This is an old archived version of Birzeit University website. Here, it is not possible to change content or submit forms. For more updated information, please visit our current website.

Lecturer Reviews Expansion of Israeli Settlements in Jerusalem and West Bank

Monday
January 21, 2013
Text Resize A A A

In a lecture presented at Birzeit University on November 13, 2012, cartographer and settlement expert Khalil Tufakji drew a connection between Israeli settlement underway today and the plans of former Israeli Prime Minister Ariel Sharon in 2001.

“He spoke of a Palestinian state connected by tunnels and bridges,” said Tufakji. “What we see today is the construction of Israeli settlements in the West Bank that sever any territorial contiguity and prevent any possible Palestinian control on major roads linking East and West, North and South," he added.

 

 

The lecture was the second in a series at Birzeit University’s Faculty of the Arts, presented in Kamal Nasser Hall and entitled, “Zionist Settlement in Jerusalem and the West Bank."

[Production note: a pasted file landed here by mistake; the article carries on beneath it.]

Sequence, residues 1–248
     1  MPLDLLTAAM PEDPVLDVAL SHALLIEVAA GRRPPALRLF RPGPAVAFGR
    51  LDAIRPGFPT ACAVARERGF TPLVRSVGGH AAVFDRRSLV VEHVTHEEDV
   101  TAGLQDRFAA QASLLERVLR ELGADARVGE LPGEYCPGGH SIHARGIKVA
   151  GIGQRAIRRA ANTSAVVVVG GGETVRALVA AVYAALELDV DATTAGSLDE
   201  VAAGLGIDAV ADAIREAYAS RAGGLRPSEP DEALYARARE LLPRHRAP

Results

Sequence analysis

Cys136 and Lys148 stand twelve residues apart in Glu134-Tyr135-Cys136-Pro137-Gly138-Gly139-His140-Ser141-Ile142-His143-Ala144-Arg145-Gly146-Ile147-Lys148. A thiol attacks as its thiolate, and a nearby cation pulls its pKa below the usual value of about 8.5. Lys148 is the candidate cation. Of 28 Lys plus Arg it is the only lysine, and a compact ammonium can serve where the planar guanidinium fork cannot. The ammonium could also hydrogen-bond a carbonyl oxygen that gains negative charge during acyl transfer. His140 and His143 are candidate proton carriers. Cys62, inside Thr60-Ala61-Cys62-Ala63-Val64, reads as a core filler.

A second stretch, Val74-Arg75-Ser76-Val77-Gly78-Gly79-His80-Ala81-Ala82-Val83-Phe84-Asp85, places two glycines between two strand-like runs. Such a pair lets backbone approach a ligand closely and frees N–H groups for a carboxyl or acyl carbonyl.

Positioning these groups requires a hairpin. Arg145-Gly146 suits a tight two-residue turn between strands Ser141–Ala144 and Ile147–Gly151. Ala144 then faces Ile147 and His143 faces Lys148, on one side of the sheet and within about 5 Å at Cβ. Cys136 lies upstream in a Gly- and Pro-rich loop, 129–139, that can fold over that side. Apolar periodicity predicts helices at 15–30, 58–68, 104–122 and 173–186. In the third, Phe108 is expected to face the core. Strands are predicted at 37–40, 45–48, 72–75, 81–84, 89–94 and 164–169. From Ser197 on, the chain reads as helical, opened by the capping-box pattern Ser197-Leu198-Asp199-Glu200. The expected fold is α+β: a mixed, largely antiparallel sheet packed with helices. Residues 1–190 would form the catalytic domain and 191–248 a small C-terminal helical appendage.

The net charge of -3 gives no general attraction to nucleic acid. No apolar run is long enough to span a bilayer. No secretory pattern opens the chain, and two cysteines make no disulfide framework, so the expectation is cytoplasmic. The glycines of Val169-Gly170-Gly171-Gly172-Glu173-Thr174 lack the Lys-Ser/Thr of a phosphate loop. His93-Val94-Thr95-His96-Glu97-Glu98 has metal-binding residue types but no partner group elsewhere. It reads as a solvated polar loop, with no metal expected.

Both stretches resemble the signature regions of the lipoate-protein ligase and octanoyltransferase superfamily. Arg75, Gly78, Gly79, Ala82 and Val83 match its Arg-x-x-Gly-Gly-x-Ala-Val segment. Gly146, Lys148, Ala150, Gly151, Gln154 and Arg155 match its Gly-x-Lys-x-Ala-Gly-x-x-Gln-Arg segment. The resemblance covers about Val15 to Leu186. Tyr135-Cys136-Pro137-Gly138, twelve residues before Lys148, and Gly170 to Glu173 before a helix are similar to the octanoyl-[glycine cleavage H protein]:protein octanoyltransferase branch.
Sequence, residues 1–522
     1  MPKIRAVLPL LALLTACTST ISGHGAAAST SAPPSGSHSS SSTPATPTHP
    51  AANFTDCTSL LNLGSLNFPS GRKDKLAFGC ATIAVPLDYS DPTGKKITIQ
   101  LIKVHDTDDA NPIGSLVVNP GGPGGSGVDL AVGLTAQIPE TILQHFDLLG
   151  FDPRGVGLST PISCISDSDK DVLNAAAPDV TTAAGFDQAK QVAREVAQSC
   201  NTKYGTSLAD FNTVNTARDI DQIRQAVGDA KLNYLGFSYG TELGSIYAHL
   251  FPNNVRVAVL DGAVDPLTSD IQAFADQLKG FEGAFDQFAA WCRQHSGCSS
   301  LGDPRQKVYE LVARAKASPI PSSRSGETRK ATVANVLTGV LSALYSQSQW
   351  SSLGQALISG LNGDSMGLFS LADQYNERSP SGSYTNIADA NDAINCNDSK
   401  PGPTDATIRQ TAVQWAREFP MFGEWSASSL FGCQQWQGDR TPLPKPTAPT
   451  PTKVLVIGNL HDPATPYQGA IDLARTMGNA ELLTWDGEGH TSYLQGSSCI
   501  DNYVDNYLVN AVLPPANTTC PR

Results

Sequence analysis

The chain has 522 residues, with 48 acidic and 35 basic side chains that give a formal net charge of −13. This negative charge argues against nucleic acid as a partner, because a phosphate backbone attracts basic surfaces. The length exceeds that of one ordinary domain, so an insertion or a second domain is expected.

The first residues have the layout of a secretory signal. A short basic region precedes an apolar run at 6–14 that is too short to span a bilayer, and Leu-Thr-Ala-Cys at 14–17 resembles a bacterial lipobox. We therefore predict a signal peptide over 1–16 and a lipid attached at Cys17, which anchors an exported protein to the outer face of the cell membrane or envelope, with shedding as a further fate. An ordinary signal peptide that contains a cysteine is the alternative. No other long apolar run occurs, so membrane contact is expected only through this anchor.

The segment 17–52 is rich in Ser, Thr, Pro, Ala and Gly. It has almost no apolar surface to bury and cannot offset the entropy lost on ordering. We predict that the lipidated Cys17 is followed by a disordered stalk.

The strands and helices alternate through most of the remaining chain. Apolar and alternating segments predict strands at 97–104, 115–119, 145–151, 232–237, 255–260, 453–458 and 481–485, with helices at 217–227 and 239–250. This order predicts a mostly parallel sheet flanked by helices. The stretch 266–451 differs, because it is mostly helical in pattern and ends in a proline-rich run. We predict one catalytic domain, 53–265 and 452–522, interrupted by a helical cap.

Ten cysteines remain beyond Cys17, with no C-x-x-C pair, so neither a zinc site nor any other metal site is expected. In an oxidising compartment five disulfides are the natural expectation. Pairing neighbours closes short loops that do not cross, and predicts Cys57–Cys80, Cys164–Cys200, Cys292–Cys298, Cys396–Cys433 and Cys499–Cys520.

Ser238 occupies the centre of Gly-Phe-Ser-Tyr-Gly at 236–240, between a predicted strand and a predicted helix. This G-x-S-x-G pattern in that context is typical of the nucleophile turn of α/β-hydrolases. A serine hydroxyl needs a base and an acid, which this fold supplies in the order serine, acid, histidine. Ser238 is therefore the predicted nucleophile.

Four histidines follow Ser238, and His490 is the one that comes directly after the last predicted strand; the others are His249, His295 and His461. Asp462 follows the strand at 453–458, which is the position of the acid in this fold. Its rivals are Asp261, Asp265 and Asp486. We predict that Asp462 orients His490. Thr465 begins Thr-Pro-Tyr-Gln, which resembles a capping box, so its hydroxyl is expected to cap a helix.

Tufkaji stated that settlement in Jerusalem follows the boundaries and features of a Judaicized capital, in line with the Israeli concept of having a Jewish majority and Arab minority, and establishes the city of Jerusalem at the heart of the state of Israel without a Palestinian partner.

“Settlement has been able to destroy the Palestinian dream of a contiguous Palestinian state with Jerusalem as its capital, especially after the intensification of settlement in the city," Tufakji noted.

Tufkaji spoke about the apartheid wall, saying that occupation authorities have achieved their goals in building the wall, annexing ten percent of the West Bank and incorporating the most settlers with the fewest number of Palestinians effectively inside Israel. They have also managed to control the groundwater of the occupied West Bank.

Tufkaji showed many maps illustrating the current reality of the city of Jerusalem and the West Bank, stating that the strategic error committed by the Palestinian leadership in the Oslo agreements was not establishing a clear definition of settlement and the settlements. “Does [‘settlement’] mean the settlement built-up area or its planned area, which is equivalent to 58% of the area of ​​the West Bank?" he asked.

Birzeit University geography professor Kamal Abdel Fattah commented on the lecture and led an audience discussion before closing the session.

 

 

 

    Copyright © 2019 Birzeit University